Martin Garrix has been embroiled in a legal battle with his former label and music publishing companies Spinnin Records and MusicAllStars, respectively, but it seems the battle is nearly over.
Martin Garrix announced his split from the companies in August 2015 and it wasn’t too long until it was revealed that he was lobbying a lawsuit against both parties for allegedly coercing him and his father into signing a contract that was not in his best interests. A portion of the lawsuit was withdrawn in December 2015 but the remaining allegations continued to be discussed in court until this morning, when a judge ruled in Garrix’s favor.
Garrix was suing Spinnin Records and MusicAllStars for €3.7 million and €650,000, respectively, though they collectively countered the suit and said that by breaking his contract he cost them more than €6.4 million in revenue.
In the end, judges of the Lelystad court in the Netherlands ruled that there was a conflict of interest, as Eelko van Kooten, director of Spinnin Records at the time, was also director for MusicAllStars, the company responsible for negotiating Garrix’s contract with Spinnin.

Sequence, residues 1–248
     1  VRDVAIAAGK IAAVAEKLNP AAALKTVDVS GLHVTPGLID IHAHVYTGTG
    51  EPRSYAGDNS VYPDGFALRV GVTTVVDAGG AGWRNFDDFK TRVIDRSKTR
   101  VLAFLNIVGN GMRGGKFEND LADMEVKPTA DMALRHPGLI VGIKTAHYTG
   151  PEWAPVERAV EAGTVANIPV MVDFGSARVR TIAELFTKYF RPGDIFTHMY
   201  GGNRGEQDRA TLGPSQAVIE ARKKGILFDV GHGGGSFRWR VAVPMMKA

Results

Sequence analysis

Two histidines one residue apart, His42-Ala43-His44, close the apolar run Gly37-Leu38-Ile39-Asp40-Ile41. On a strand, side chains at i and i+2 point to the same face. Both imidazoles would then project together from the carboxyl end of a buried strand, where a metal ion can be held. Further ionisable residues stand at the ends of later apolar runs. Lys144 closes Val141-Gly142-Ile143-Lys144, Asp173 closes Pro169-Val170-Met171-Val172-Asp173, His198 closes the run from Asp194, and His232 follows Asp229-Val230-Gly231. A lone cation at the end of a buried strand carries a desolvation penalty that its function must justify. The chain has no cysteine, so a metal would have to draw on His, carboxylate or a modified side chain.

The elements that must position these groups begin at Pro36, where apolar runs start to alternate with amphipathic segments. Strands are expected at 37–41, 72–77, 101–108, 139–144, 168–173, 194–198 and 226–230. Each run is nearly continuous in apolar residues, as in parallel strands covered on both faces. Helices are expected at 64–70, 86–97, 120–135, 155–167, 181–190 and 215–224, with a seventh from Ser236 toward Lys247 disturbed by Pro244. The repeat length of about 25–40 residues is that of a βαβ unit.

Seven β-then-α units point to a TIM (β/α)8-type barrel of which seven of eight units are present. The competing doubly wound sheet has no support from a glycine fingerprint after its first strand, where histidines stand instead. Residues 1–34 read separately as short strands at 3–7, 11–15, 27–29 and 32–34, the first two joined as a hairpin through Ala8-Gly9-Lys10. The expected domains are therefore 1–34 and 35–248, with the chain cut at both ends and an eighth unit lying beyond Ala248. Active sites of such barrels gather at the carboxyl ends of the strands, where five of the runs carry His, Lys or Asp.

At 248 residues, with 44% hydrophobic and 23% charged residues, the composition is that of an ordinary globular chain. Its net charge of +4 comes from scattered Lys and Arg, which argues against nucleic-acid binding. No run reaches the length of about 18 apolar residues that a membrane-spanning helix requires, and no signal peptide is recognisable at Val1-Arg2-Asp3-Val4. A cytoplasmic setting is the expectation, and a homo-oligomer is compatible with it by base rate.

“During the talks in 2013 about renewing the production agreement with Spinnin Records, there has been conflict of interest due to the CEO’s double hats,” the courts ruled. “[MusicAllStars] had to take action at that time. For example, by assisting Garrix in the negotiations by an independent third party. ”
In the victory, Garrix was given back the rights and masters to some of his biggest hits, including the song that broke him as an artist, “Animals.”
Garrix announced in a press release, “I’m pleased with this outcome, not just for myself but also for all other DJs / producers, because this case was not just for me but for all my fellow artists.” Those fellow artists include Curbi, Mike Williams, Sam Feldt, and more who are represented by MAS and who have had releases on Spinnin. (Though none of these artists have brought up any kind of lawsuit against either party to our knowledge.)
Spinnin is also carefully reading over the statement, according to a company spokesman. “In view of the size of the case, we need to study the ruling carefully, considering the possibility of appeal.”
Van Kooten recently sold Spinnin to Warner, and has no shares in the company, but asserts that the case still has his interest. “Given the size of the case, I have to study that statement well. In addition, my advice for Spinnin Records and MusicAllstars to appeal will be included.”